Florida ‘sanctuary cities’ bill could expose police to lawsuits

The bill is a favorite for House Speaker Richard Corcoran. But it would force police to violate years of federal court decisions.
[AP photo]
[AP photo]
Published Jan. 4, 2018|Updated Jan. 4, 2018

A bill in the Florida Legislature to outlaw "sanctuary cities" would also force some sheriffs and jail workers to break with judicial precedent, opening cities and counties up to civil rights lawsuits.

The bill, championed by House Speaker Richard Corcoran, would require police to honor all requests by Immigration and Customs Enforcement to hold undocumented immigrants – even though federal judges have repeatedly ruled such holds unconstitutional.

It's "flat-out unlawful," Pinellas County Sheriff Bob Gualtieri said.

You can’t do that,” he said of requiring police to abide by a state law that conflicts with federal rulings. “That doesn’t withstand federal law.”

With strong backing from Corcoran, however, the bill is expected to pass the House. That will allow Corcoran to later tout his conservative credentials in a GOP primary where an overwhelming majority of voters support tougher measures.

His two opponents in the Republican primary have already been outspoken on immigration. Commissioner of Agriculture Adam Putnam has accused Democratic Tallahassee Mayor Andrew Gillum of "crazy talk" for criticizing the mass deportation policies of President Donald Trump. Gillum responded back that Putnam's views on the topic are "all racist."

In a single tweet, U.S. Rep. Ron DeSantis has been endorsed by Trump, who has made cracking down on illegal immigrants a cornerstone of his administration. DeSantis hasn't formally declared he's running for governor, but he's raised his profile by going on Fox News and criticizing Robert Mueller's investigation into Russian meddling in the 2016 election.

On Tuesday, Corcoran tweeted a video featuring clips of Fox News personalities where he vowed to pass a bill "to keep our Florida communities safe from dangerous sanctuary city policies" during the first week of the session.

"We must not allow Florida to follow California," said Corcoran, R-Land O'Lakes.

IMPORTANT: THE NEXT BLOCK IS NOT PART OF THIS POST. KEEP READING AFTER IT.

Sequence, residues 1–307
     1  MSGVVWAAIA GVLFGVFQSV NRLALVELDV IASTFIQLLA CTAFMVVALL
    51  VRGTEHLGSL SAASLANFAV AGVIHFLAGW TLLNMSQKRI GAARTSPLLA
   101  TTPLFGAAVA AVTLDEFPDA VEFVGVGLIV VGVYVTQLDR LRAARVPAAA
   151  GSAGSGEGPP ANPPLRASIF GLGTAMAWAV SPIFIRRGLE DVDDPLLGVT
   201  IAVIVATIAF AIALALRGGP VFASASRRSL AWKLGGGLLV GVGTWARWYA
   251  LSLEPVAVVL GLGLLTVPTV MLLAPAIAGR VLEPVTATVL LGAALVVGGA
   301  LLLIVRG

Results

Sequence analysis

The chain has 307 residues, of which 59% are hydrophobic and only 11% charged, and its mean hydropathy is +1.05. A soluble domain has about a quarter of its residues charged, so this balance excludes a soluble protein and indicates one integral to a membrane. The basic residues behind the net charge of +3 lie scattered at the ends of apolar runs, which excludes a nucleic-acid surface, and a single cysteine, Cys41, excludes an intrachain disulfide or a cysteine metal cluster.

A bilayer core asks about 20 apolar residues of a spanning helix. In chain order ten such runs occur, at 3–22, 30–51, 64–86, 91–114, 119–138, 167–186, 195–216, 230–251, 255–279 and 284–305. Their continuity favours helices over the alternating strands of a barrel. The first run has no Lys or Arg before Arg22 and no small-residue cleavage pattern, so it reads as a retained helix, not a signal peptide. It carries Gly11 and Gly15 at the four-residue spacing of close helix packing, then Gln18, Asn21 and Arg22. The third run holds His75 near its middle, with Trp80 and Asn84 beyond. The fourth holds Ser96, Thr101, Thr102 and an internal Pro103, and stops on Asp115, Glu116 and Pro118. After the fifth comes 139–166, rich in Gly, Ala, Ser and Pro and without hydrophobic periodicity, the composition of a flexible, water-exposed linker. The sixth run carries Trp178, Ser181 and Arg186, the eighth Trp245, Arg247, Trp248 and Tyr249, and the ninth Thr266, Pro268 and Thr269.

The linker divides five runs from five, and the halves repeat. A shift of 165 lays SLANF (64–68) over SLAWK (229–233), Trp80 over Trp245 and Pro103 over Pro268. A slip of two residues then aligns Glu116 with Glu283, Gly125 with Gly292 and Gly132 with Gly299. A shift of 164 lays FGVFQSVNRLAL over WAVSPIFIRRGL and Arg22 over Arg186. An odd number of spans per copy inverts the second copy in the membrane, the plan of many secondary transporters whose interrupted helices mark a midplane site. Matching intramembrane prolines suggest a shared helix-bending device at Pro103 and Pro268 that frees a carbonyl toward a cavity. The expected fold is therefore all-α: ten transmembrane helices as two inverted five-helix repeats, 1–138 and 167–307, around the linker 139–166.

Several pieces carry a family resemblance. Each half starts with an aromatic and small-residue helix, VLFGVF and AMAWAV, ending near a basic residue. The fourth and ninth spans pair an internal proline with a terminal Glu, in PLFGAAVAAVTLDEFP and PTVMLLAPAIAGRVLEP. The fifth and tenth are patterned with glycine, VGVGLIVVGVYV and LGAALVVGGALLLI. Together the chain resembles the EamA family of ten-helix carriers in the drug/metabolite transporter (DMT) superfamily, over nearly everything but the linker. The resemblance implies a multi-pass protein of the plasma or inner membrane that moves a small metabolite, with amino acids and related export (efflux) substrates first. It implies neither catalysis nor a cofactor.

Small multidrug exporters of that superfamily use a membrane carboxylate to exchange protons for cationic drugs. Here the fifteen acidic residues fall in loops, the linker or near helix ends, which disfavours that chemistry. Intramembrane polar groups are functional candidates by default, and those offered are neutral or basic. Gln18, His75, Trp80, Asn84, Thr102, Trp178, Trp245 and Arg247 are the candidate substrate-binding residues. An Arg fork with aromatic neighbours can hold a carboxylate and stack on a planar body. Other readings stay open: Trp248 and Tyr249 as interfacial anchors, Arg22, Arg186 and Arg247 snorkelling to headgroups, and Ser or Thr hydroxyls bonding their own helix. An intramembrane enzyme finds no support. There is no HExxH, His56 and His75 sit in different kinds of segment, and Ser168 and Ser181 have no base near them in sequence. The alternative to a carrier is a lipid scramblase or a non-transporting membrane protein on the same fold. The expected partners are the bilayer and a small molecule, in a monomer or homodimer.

The bill is a longshot to become law. In the last two years, versions of the bill didn't even make it to Senate committee hearings. But with Corcoran's Senate rival, Sen. Jack Latvala, R-Clearwater, out of the picture after resigning over sexual harassment accusations, the bill's odds might be better this session.

If so, it would not only change how some police interact with ICE, but it would prevent any communities from changing it.

Casting a vote in favor of any "sanctuary" policy — essentially, anything that impedes immigration agents from doing their jobs — could subject them to thousands of dollars in fines and allow the governor to remove them from office.

The bill's House sponsor, Larry Metz, R-Yalaha, compared it to a city council going against federal law by voting to legalize cocaine.

"Would that be a legal vote?" Metz said. "Once you make something expressly illegal, they (officials) should be held accountable for that."

Yet Metz could not point to any city in Florida that would qualify as a "sanctuary city."

It's unclear how many police departments would have to change to comply with ICE detainers. A 2016 report from the American Civil Liberties Union of Florida found at least 30 police departments that limit how often they honor detention requests, but many have changed their policies since Trump has become elected, including Miami-Dade County.

When police arrest someone, they often check with ICE to see if ICE would like to keep them. ICE will sometimes ask for the person to be held for 48 hours after they would normally be released, giving agents enough time to pick up them up or check out their immigration status.

But at least a dozen federal judges have ruled that if the 48-hour hold is not accompanied by a warrant, it is nothing more than a request, and since a request is not a legal basis for holding someone, it's a violation of their Fourth Amendment right against unreasonable searches and seizures.

"It puts localities in a terrible bind," said Shalini Agarwal, managing attorney for the Southern Poverty Law Center's Florida office. "Either they have to pay tens of thousands of dollars in fines, or else follow this sanctuary cities bill and expose themselves to legal liability."

Texas passed a similar bill last year, and a number of lawsuits were filed challenging it. A federal judge has temporarily blocked major portions of it, including requiring police to honor detainer requests.

Metz said his bill complies with the law, since ICE has recently changed how it handles detainer requests. He said concerns about being sued should prevent someone from releasing a criminal onto the streets.

"There's no bill that anybody in this country can write that can prevent the filing of the lawsuit," he said.

But Gualtieri, who went to Washignton, D.C. last year to talk with ICE officials about this subject, said he wants to see a permanent solution.

"My position on it is, anything that prohibits jurisdictions from adopting sanctuary policies as it relates to criminal illegal aliens is a good thing," he said. "There should be no issue or debate with the criminal illegals."

But, "We believe that everybody should be in a position where they lawfully cooperate with ICE."